History Files


Ancient Egypt

Ancient Sarcophagus Discovered

BBC News, 17 February 2000



Archaeologists in Egypt have found the symbolic tomb of the Ancient Egyptian god Osiris buried deep underneath one of the Giza pyramids.

According to Egyptian archaeologist Zahi Hawass, the discovery of the granite sarcophagus became possible after water levels inside the pyramids sank.

Mr Hawass said the sarcophagus, which is estimated to date from 500 BC, during the Late Period's 27th Persian Dynasty, was surrounded by the remains of four pillars built in the shape of a hieroglyphic House of Osiris.

Ruler of the underworld

Osiris was one of the most important gods of Ancient Egypt who according to mythology was murdered by his wicked brother Seth (or Seti, or Sutekh).

He was buried by Isis, his sister-wife, and brought back to life as judge of the dead and ruler of the underworld.

According to Mr Hawass, Herodotus, the famous ancient historian, mentioned that this tomb existed in the middle of the fifth century BC, but it has never been possible to access it because of high water levels.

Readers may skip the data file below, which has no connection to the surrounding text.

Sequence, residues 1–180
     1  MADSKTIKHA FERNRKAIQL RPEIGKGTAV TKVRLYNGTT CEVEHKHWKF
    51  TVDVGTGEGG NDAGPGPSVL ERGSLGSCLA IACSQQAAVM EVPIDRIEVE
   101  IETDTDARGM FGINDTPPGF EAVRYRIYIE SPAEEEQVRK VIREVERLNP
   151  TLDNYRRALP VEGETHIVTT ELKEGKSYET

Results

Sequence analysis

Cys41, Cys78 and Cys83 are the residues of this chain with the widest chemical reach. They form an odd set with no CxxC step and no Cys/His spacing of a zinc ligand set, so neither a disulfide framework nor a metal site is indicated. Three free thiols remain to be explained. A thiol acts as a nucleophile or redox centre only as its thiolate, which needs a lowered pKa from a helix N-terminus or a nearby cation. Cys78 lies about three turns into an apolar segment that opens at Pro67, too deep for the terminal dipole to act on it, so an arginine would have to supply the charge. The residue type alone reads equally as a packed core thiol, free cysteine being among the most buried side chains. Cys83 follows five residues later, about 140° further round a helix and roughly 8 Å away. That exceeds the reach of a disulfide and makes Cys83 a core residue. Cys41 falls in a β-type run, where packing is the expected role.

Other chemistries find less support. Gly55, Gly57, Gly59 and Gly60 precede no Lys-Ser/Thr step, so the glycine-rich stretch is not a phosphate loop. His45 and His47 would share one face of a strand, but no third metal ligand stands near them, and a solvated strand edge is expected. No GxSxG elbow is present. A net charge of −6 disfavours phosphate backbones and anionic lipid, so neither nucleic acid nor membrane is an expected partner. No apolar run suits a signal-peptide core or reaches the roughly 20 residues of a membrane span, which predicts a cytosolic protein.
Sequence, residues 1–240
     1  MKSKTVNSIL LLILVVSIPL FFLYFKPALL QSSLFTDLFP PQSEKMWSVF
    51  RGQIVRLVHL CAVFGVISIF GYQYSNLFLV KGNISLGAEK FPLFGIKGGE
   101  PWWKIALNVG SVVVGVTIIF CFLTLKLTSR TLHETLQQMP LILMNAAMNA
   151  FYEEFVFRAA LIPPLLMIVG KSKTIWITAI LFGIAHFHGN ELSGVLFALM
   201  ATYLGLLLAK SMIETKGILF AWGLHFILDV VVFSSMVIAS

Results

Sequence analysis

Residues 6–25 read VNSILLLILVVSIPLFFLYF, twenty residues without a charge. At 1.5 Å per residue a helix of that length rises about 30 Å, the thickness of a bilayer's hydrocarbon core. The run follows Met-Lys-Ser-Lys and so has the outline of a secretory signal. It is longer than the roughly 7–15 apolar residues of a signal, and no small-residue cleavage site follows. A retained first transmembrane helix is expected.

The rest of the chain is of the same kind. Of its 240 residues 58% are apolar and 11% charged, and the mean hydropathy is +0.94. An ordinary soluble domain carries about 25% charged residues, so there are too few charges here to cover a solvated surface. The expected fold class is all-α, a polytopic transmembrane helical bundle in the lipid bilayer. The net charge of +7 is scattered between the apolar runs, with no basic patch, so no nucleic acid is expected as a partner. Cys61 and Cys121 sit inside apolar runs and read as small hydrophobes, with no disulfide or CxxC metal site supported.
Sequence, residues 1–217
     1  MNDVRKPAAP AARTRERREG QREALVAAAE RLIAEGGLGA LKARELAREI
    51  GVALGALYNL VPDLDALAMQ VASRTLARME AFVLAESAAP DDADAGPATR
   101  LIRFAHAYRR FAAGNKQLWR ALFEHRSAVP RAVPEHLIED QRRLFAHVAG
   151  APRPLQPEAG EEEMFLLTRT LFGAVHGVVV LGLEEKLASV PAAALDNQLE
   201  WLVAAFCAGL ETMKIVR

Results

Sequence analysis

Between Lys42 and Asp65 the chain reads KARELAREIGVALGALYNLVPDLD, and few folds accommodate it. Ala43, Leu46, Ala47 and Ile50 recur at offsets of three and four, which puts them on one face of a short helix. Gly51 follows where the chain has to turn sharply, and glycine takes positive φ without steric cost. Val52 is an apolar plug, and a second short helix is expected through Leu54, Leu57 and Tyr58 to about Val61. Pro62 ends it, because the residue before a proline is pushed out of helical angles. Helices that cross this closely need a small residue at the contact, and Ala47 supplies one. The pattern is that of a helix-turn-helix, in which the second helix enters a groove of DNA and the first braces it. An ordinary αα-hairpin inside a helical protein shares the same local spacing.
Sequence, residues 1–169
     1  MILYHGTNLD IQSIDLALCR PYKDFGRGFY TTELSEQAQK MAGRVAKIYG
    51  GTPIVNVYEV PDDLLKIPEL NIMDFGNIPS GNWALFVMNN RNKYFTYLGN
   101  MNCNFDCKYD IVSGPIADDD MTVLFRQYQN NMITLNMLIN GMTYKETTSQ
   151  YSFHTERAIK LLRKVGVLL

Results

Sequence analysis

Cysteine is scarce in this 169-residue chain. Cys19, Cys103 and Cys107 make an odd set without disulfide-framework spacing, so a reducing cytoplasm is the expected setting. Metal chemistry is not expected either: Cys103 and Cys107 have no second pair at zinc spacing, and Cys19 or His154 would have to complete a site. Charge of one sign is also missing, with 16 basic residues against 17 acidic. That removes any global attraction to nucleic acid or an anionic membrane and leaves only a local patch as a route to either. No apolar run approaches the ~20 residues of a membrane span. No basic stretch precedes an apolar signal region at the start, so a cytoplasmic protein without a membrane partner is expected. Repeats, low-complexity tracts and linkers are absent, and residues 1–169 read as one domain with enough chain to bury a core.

Deep underground


After the dirt and water were cleared from the shaft located between the Sphinx and the Pyramid of Chefren (Khafre), archaeologists found three underground levels, with the submerged Osiris sarcophagus at the lowest, about 30 metres below the surface.

"I never excavated this shaft because it was always full of water. But when the water went down about a year ago, we started the adventure," Mr Hawass said.

"Many people believed there were tunnels going to the Sphinx and another leading to the Great Pyramid but only when we sent a young boy into a tunnel in the west wall did we find this exciting discovery," said Mr Hawass.

The excavation also unearthed 3,000 year-old bones and pottery found in the underground water.



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